and other varieties of primitive schist.” Since this paper was originally drawn up, I have seen the country he here quotes, (Arisaik) and have confirmed that his “granitic sandstone” is the rock which I have been describing, and that it is the same rock which he has also described as constituting the ridge of Schihallien, a place of which I shall presently have occasion to speak. Possibly these authors, impressed with the notion that this rock was as “granular quartz,” and that granular quartz was a primitive rock, have not thought it necessary to push their investigations as far as they might have done, nor made the important deductions which must needs follow from this fact if proved. On the geological consequences which would result from its being established it would be useless to speculate till the fact be fully ascertained, as I trust it will be in the sequel of this paper, but it is obvious that it would occasion the removal of mica slate out of the chemical deposits of the Wernerian system, and place it among the mechanical, or at least the mixed ones: a change which seems to be called for by many other circumstances attending the formation of mica slate. But I must leave this part of the subject for future consideration.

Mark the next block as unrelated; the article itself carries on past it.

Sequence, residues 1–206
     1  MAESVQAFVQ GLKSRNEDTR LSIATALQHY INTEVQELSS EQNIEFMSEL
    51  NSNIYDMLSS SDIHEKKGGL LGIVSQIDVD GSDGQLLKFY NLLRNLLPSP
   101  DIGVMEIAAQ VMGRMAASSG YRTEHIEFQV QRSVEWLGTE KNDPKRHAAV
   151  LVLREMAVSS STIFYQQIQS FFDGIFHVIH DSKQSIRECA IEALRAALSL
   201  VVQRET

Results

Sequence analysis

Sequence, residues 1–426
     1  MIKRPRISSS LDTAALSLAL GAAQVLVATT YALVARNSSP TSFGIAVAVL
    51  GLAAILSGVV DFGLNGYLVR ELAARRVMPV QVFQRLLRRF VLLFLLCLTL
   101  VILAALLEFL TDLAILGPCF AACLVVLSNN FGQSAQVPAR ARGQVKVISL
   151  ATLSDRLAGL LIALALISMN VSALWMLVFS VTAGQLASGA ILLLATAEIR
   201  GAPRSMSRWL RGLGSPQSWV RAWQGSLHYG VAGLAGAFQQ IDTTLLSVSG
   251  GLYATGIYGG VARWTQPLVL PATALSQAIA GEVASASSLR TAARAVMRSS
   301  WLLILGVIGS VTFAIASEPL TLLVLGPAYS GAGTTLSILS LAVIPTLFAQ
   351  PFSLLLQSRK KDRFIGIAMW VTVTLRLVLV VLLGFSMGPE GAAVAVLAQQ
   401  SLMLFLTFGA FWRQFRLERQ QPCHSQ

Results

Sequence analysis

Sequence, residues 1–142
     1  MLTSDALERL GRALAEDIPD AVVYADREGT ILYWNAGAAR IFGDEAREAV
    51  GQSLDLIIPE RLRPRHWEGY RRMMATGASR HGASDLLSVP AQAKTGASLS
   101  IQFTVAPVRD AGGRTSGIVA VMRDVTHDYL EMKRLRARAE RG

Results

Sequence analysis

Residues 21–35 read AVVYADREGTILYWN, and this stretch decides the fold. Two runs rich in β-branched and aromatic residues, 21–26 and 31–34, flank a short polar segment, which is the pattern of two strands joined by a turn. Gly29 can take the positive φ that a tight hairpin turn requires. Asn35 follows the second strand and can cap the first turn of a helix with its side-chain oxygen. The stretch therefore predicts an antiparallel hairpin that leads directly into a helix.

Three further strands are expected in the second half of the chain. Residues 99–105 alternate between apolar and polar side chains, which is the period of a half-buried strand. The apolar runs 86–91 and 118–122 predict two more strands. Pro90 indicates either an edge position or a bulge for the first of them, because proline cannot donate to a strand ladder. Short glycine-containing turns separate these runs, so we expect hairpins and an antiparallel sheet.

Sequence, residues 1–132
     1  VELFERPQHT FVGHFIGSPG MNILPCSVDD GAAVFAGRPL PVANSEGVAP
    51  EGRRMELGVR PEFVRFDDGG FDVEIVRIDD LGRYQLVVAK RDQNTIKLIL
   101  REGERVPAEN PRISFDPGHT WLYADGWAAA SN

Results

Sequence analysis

The true nature of this rock being now, as I trust made out with regard to Jura and the western part of Sutherlandshire, we are next led to inquire what evidence there is to prove that all the mountains of “granular quartz” are not of a similar nature, and do not belong to some of the ancient recomposed rocks. The mountains of Scuraben and Morven are cursorily described by Jameson, the former as having a summit of quartz, the latter as possessing the peculiar white aspect so characteristic of the hill. I have noticed on the western coast and in his work on Geognosy, they are actually quoted as examples of quartz rock. Mr. Pennant